In a paper recently published in Nature Electronics, researchers report a novel technique for magnetization switching using short 6-picosecond electrical pulses. The short electrical pulses induce a spin-orbit torque that switches the magnetization in a thin cobalt film. The switching is almost 100 times faster than in state-of-the-art spintronic devices.
While heat dissipation is usually a limiting factor for magnetic memory applications, the study finds that the fast heating actually aids the magnetization reversal. Moreover, the researchers found this technique to be highly energy efficient, with an energy cost below 50 pJ.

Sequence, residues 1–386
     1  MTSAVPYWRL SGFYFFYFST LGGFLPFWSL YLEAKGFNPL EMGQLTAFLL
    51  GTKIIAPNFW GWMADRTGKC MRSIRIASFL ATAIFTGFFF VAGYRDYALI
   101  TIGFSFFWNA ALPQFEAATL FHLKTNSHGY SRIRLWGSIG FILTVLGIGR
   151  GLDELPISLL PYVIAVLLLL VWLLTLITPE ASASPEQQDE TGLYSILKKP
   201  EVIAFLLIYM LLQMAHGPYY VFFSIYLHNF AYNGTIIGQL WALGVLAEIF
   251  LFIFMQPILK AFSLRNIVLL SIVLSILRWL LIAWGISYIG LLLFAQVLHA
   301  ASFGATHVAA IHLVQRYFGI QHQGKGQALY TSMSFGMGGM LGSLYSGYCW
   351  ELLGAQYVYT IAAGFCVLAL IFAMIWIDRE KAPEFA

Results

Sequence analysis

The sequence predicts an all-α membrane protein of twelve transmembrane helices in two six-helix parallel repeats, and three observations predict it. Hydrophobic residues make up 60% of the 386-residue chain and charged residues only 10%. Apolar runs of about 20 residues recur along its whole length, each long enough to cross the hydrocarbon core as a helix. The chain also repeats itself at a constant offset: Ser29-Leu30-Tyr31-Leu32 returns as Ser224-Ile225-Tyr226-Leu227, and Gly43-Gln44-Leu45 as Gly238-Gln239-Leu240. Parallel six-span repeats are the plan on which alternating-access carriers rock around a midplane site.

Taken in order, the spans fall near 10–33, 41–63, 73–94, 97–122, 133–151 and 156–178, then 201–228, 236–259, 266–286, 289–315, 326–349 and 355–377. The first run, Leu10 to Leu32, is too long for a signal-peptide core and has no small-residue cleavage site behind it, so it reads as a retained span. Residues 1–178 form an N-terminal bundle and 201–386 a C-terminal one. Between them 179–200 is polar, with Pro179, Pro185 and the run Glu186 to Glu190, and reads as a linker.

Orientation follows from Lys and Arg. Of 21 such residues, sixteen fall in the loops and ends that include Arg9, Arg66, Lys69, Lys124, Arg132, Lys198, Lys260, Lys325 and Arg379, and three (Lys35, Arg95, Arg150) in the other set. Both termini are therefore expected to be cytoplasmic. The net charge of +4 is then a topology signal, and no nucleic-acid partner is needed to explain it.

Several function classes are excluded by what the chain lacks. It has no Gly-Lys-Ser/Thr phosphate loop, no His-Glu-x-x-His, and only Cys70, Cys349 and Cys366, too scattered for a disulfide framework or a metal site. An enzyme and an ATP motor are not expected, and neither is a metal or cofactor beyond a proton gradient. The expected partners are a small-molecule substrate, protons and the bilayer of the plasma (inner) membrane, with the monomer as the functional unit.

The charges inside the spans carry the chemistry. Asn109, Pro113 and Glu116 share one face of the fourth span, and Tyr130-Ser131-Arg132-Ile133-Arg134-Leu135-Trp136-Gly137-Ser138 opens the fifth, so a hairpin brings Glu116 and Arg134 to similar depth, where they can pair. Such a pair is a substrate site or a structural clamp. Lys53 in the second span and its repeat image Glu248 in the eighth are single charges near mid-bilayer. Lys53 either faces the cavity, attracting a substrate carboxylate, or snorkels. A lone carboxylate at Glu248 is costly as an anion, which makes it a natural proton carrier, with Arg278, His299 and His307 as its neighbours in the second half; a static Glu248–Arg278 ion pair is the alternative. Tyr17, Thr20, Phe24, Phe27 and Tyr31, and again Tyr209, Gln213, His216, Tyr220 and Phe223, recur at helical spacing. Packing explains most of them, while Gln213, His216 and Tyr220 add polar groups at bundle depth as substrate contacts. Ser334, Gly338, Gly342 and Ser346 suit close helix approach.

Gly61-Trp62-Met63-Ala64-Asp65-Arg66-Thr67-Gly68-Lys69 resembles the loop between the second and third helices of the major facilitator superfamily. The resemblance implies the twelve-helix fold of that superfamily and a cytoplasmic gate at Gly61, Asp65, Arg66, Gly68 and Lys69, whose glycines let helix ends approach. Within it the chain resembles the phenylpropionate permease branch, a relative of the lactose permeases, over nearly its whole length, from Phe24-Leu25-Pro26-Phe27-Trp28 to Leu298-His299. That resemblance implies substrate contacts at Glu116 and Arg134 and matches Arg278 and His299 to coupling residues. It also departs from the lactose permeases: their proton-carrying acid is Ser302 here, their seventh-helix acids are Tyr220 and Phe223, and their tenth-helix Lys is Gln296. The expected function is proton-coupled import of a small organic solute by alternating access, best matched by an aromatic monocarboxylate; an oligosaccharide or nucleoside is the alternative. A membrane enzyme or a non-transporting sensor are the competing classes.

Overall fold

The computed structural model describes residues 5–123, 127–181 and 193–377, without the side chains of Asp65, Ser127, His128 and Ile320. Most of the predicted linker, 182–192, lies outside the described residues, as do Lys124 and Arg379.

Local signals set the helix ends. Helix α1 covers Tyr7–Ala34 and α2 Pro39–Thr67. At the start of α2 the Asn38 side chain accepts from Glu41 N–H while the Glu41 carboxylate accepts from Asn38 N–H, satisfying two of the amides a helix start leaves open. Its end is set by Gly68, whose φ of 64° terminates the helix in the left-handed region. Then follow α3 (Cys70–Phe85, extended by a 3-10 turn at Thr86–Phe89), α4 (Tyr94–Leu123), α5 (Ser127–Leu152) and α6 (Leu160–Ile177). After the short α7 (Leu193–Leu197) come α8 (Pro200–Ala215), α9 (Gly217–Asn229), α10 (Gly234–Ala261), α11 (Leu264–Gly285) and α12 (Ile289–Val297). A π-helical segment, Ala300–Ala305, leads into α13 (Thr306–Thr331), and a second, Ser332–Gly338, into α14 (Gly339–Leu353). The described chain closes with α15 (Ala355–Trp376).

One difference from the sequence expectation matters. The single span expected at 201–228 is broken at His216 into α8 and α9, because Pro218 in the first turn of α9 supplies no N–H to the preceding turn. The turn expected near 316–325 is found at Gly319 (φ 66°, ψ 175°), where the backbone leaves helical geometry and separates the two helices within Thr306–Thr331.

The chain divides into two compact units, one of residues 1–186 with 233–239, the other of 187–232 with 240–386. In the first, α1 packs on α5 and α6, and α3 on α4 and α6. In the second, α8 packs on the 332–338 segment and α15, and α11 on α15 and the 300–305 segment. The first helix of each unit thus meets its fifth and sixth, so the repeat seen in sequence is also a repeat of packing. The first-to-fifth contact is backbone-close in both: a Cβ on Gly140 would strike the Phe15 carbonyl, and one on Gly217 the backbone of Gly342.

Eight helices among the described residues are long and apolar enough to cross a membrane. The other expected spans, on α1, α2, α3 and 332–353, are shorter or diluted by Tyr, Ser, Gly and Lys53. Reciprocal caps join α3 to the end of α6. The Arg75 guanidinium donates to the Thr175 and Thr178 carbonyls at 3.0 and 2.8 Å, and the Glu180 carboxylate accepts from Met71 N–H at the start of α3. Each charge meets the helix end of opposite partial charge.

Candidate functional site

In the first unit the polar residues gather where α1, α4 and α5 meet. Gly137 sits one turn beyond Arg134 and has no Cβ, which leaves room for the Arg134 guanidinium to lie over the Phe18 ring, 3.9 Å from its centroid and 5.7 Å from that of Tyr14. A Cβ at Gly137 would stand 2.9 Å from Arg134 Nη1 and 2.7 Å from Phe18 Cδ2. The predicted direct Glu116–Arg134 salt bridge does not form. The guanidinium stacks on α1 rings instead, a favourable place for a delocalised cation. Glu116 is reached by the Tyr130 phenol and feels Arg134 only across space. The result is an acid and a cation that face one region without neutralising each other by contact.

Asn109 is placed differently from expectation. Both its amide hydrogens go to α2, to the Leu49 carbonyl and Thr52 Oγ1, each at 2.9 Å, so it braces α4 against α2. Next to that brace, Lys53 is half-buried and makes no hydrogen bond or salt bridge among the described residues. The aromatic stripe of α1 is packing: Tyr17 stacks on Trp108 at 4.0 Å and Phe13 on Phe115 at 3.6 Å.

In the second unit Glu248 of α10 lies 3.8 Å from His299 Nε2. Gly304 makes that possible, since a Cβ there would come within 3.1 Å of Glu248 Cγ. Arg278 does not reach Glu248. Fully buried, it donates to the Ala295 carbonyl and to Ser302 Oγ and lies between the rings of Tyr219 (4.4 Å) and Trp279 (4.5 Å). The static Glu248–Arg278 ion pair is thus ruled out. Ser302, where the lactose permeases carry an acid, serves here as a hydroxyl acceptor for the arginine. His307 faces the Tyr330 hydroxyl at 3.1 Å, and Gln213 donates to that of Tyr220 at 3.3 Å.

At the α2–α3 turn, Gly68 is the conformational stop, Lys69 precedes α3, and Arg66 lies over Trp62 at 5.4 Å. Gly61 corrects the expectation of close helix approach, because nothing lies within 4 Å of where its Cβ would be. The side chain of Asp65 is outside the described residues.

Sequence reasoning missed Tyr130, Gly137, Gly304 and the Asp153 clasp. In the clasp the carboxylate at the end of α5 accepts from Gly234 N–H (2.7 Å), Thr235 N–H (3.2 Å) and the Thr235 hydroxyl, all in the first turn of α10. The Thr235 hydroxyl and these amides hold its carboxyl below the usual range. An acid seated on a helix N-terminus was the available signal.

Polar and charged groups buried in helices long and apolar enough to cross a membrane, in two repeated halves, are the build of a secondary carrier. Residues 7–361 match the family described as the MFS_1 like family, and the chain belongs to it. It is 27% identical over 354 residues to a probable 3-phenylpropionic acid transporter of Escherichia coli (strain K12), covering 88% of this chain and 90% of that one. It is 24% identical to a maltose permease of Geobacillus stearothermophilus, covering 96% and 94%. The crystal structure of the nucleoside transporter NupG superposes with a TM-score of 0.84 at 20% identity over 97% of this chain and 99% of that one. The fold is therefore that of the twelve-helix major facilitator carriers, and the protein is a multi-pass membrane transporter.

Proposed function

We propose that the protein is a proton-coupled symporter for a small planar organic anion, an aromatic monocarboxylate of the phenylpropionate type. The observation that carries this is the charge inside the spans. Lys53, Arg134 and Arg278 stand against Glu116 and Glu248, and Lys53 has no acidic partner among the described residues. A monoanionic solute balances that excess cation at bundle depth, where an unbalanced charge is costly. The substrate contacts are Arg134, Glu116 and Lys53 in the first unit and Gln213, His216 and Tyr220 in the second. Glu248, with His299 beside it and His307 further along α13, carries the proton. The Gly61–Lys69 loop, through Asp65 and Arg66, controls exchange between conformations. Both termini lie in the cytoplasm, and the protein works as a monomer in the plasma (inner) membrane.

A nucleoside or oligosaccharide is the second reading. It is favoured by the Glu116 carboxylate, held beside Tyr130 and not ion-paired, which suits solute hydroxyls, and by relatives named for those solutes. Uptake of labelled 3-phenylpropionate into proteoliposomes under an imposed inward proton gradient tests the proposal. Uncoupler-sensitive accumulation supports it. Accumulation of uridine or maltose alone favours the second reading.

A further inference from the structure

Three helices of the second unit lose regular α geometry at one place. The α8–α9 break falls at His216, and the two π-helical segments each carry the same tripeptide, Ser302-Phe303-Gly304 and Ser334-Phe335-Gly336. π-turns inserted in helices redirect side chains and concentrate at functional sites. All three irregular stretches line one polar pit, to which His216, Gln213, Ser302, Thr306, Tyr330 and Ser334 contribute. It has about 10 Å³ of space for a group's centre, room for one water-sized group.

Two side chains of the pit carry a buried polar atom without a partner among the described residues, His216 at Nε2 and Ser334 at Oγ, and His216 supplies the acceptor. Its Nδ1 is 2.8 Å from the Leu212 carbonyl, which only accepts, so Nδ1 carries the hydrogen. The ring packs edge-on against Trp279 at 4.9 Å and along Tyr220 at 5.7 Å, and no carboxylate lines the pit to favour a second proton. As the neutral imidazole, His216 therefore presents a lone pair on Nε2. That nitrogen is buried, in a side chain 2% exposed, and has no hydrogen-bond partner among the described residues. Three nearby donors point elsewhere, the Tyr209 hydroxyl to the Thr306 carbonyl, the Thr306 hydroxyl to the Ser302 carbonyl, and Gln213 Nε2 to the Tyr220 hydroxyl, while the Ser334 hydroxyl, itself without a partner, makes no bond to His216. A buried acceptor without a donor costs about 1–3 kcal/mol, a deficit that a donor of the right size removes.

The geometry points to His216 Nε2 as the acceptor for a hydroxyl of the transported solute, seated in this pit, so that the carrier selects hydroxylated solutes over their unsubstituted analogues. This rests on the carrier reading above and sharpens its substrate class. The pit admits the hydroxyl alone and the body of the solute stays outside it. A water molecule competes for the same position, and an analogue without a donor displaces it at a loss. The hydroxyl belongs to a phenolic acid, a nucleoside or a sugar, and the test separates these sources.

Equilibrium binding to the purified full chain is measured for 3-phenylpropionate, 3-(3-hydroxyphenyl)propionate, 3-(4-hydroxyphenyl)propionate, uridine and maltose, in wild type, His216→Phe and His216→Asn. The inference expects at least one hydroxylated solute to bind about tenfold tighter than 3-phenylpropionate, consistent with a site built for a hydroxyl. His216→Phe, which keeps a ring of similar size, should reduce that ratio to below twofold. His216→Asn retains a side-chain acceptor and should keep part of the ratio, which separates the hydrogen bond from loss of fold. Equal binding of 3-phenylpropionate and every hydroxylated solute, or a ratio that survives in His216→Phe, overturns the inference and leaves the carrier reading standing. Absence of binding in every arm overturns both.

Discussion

According to co-author Jeffrey Bokor, “such a high-speed, low-energy spintronic device can potentially tackle the performance limitations of current processor level memory systems, and it could also be used for logic application”.